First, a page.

Wednesday, January 26, 2011
Underachievers: Help for At-Risk Teens
Do you find yourself forcing your teen to go to school? Are they failing when they have the potential to succeed? Has your honor roll student barely getting C's? Classic signs of underachieving can have an underlying issue to something bigger.
Has their peer group changed? Are they experimenting with drugs? Is it "only" a joint now and then? (Seriously some parents think this way). What they aren't realizing is the pot they smoked 20-30 years ago is not the pot these kids are getting today.
You have come to the realization that you need outside help. Local therapy has been exhausted, if it did anything, you haven't noticed. Out-patient programs usually have kids far worse than what your teen is - which means they can learn better tricks and worse behavior.
It is time to do your homework as a parent and find the best match for your teenager - which includes an education.
Many know I am not an advocate of Wilderness programs - and I still am not. One of the reasons is there is usually zero academics - it is about breaking your child down, which usually they are broken before they get there. Many teens just fake it to make it for 6-9 weeks - and parents are charges exuberant fees.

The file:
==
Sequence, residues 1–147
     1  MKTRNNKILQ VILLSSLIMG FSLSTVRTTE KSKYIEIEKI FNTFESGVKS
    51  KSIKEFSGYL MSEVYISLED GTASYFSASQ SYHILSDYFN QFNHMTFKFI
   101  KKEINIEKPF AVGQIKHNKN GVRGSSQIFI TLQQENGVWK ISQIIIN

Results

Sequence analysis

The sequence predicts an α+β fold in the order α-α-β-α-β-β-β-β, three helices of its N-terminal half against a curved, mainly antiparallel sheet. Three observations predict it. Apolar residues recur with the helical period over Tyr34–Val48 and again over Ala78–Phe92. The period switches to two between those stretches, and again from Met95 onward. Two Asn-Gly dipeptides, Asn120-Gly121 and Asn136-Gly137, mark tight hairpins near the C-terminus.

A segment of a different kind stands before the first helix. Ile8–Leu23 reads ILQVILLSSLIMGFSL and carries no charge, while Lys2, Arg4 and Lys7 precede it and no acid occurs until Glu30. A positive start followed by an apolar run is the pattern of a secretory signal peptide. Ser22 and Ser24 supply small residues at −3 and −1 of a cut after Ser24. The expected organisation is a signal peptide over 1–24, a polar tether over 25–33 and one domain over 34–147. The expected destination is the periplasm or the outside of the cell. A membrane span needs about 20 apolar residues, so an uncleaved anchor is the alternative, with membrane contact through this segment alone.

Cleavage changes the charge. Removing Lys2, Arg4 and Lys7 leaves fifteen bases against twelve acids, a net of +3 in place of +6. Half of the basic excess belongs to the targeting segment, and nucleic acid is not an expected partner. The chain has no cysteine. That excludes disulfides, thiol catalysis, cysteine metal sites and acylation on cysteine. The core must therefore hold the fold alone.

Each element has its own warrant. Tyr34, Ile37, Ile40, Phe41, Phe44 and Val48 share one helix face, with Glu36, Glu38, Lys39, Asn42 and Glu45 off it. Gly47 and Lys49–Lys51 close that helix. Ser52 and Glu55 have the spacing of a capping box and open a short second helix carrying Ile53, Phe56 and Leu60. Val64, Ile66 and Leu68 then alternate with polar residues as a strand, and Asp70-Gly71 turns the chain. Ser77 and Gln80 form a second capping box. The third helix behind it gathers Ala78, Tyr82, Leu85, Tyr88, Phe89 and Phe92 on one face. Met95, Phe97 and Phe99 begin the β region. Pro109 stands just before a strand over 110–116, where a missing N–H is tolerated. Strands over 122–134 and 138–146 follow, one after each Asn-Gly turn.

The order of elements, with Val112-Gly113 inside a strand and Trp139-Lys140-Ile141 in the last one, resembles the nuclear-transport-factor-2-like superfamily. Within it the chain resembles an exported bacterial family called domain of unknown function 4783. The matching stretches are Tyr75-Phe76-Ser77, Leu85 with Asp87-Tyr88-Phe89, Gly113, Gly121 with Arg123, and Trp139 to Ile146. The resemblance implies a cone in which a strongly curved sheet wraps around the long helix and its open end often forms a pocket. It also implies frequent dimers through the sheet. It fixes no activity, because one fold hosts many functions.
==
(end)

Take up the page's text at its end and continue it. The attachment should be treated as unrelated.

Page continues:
Then there are the Educational Consultants (EC) - which parents have an extra $3000-5000, some will hire. Before you hire them, learn about what many call the EC shuffle. There are very few, if any, that won't have you start with Wilderness. In my opinion it is a band-aid parents "like to hear" since most all don't believe their teen's are "that bad" and the years of negative behavior will be washed away in 6-8 weeks.
Wake up - if you talk to the majority of parents that sent their teens to Wilderness first, most will tell you by the fourth week of Wilderness the counselors and staff are already telling you to prepare for the next step.... Residential Treatment Centers or Therapeutic Boarding Schools. Another major costly expense.
My question is - why not start and finish at the same place? Consistency is one thing these troubled teens need. Visit www.helpyourteens.com for more valuable parent tips.
Michael and Abby P. of Weston recently had to take that major leap with their 17 year-old daughter that was simply escalating out of control. Knowing that this was their last year to get her help, Abby said, "This was literally the hardest decision we had to make, but we know we have to save her life and hopefully give her an opportunity for a bright future."
Be an educated parent, you will have safer teens!